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Reflections on Sonship

So through God you are no longer a slave but a son, and if a son then an heir. In these words St Paul describes what Christ achieves for us, moving us from slavery to filial inheritance. But this movement is of a singular kind. It isn’t exactly a transformation, because a transformation implies something entirely unprecedented. Contrary to this, Paul’s teaching is that filial inheritance cannot be unprecedented. One cannot simply be made into a son and heir by a sudden and arbitrary elevation of one’s identity. Instead one must be destined to be a son and heir from the beginning, a destiny which is achieved and fulfilled when one’s filial inheritance becomes actualized. Now according to Paul’s understanding, this is what Christ accomplishes for us: He actualizes a destiny, an identity, which has been ours from the beginning. And this is because our beginning is in Him. The primordial son and heir is in fact the Word made flesh, and we have been created in order to share in the filial inheritance which is originally His own. When He makes us sons and heirs, this does not so much transform us, because instead it completes us, according to the form which, in Christ, has always been ours.

But if sharing in the filial inheritance of Christ is what elucidates both our origin and our destiny, we also have to take account of the slavery which has intervened. By this slavery, our identity as sons and heirs has been obscured; and not only obscured, but in a mysterious way suspended. Because of this slavery we are made other than ourselves, estranged from ourselves, interiorly divided from what we are. This is what slavery to sin accomplishes: it turns us from God, by turning us from ourselves, making it impossible for us concretely to be what we truly are. St Paul’s way of expressing this is to say that, because of sin, we are like adults who have become children, cast adrift from the rights and responsibilities of our maturity. It is an intriguing and very suggestive image: sin as a kind of infantilization. And this infantilization, brought about by sin, is something which we will to occur, or at least it is something in which we willingly collaborate. Sin is our wilful participation in a collective defection from maturity.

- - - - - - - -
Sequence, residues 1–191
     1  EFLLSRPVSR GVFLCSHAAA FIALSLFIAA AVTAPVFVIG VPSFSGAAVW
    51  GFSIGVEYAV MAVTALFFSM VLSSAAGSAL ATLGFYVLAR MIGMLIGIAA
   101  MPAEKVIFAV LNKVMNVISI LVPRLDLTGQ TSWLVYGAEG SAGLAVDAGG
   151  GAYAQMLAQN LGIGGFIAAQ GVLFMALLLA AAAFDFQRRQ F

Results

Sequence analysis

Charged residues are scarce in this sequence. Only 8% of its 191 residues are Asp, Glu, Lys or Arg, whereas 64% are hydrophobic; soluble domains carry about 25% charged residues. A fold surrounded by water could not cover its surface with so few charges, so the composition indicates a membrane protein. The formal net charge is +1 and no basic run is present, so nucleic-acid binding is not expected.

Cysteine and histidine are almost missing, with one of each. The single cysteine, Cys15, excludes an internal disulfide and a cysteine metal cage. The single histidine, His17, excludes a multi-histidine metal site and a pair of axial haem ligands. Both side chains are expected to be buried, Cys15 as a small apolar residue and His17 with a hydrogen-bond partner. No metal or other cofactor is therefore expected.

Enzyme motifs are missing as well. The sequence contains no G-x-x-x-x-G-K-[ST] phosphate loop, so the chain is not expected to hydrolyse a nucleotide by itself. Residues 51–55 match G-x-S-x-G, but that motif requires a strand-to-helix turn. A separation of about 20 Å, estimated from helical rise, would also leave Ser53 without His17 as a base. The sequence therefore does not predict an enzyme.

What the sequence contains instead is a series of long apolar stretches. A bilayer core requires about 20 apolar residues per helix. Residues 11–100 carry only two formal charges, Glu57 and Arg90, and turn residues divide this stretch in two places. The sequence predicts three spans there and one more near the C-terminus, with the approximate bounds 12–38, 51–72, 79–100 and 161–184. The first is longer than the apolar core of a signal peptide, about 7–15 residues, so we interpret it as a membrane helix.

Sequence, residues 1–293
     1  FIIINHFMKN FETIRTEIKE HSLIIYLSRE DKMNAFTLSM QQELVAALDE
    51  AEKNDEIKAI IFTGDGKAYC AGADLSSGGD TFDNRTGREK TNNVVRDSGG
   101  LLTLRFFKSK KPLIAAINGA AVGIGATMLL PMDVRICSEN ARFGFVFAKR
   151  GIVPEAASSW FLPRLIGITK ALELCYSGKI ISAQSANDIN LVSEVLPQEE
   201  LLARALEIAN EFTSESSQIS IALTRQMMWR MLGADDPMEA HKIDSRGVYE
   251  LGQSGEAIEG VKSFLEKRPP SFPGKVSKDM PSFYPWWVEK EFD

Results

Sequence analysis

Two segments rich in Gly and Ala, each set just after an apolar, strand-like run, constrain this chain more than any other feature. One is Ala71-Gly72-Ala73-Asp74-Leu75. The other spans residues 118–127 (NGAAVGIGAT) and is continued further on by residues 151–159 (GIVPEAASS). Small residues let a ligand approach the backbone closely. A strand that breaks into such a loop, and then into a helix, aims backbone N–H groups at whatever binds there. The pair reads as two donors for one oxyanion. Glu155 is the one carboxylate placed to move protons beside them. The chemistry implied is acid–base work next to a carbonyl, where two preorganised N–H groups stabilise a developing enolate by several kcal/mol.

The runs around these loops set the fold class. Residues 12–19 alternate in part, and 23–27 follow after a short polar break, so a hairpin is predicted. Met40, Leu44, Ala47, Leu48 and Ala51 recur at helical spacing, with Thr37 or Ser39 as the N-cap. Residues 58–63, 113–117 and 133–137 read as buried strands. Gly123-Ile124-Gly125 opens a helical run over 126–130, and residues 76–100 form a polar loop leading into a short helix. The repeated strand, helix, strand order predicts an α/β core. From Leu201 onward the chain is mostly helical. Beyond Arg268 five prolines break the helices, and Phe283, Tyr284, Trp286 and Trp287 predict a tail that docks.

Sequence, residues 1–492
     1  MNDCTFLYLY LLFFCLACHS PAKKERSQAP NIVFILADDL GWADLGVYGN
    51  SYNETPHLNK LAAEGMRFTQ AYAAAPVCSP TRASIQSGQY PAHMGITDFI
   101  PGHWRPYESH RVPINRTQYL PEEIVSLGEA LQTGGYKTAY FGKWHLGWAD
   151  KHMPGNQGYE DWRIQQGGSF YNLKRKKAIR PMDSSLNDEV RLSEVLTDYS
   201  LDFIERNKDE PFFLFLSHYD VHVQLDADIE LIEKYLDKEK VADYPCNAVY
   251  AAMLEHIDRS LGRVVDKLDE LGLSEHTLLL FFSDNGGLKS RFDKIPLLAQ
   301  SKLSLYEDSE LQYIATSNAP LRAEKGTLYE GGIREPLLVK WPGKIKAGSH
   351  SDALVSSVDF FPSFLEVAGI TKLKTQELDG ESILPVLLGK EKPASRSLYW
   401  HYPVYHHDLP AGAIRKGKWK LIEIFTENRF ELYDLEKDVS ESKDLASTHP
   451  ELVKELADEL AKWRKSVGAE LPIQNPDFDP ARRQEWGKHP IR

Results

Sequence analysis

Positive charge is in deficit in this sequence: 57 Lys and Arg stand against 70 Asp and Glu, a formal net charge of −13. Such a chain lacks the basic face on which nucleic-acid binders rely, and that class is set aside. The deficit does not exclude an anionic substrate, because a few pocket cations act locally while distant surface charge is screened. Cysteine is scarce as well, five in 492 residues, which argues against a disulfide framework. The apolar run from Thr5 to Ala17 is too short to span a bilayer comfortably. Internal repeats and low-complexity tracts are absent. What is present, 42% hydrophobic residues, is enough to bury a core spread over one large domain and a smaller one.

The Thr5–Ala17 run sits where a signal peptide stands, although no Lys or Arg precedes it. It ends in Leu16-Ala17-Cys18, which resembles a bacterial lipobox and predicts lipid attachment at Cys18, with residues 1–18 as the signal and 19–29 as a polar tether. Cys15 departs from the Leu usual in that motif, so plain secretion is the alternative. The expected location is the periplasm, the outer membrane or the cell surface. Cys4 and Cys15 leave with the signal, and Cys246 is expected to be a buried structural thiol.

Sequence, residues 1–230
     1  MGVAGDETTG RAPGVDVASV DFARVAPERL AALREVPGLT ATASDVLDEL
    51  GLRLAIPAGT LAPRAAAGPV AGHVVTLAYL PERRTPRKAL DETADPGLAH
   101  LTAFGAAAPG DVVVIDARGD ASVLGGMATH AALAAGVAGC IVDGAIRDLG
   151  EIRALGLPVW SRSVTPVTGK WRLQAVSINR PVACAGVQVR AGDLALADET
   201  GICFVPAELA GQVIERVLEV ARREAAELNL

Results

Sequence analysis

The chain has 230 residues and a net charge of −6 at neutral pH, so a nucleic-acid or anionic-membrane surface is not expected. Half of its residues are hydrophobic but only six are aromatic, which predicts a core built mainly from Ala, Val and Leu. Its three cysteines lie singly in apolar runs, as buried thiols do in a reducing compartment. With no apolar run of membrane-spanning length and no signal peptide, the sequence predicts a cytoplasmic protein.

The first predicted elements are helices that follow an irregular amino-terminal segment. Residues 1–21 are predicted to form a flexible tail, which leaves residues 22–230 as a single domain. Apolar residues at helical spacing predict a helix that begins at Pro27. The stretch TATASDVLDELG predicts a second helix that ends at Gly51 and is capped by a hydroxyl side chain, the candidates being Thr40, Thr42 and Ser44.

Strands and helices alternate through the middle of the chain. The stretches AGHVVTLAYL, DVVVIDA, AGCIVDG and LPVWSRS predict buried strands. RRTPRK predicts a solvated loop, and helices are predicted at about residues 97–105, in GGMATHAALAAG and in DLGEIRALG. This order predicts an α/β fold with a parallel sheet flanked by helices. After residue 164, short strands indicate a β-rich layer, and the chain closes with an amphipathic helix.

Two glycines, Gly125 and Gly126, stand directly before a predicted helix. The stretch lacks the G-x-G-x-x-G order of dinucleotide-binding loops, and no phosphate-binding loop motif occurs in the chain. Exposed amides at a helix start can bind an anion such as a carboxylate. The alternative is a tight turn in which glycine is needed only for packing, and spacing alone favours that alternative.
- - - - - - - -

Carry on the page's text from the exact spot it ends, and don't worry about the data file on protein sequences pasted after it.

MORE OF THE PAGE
This way of thinking rightly refuses sin the compliment of a more dramatic characterization. Sin is revealed, in a way quite simply, even disarmingly, as a refusal to be grown up. In sin, we overlook the truth of things, their interconnections and their depths, and prefer to handle them superficially, trivially, according to the immediacy of the gains and losses which they unreflectively make accessible to us. In other words, sin is a kind of stupidity, a failure of awareness and insight, an incomprehension towards what we have been given. So we should not flatter ourselves. As sinners we do not enact some momentous alternative to the good, but merely show ourselves as not especially smart, when all the time we were thinking of ourselves as ahead of the game. We should experience sin as that kind of humiliation.

The sense of maturity, of experience and familiarity with the world, which sin flatters us into believing we have acquired is therefore, in reality, infantile. We have to be ready to forego this counterfeit maturity, so that we can retrieve that in which maturity truly consists. And then we find ourselves to be another kind of child: the son and heir to whom, in Christ, everything from the beginning has been given.

For just as sin is not maturity but foolishness, not a way of relating to the world but a failure to relate to it, so conversion from sin does not mean leaving the world behind, but on the contrary relating to it for the first time: and to as much of it as we can, without the slightest aversion or inhibition, which means, precisely, relating to it as sons, rather than as slaves.

This is what it means to be redeemed. And in St Paul’s understanding this means, simultaneously, freedom from sin and also from the law, the law which traps us in cycles of transgression and punishment. For, according to Paul, the law merely forbids sin without according us the freedom actually to live without it. It is the law which gives to sin all the glamour of the unavoidable transgression, forbidden yet inescapable, and therefore turns sin into a way of being, the semblance of an alternative maturity. The law, then, collaborates with sin in infantilizing us, punishing us for sins which it is powerless to prevent from enticing us.

And Paul’s whole point, in the Letter to the Galatians and elsewhere, is that only in Christ are we delivered from this arid circularity. In Christ, we rediscover ourselves as sons and heirs, reaching back, behind sin and behind the law, to the originating moment of creation, restoring and completing our maturity as children of God.

By Fr Philip Cleevely, Cong. Orat.

St Philip's Seminary, Toronto
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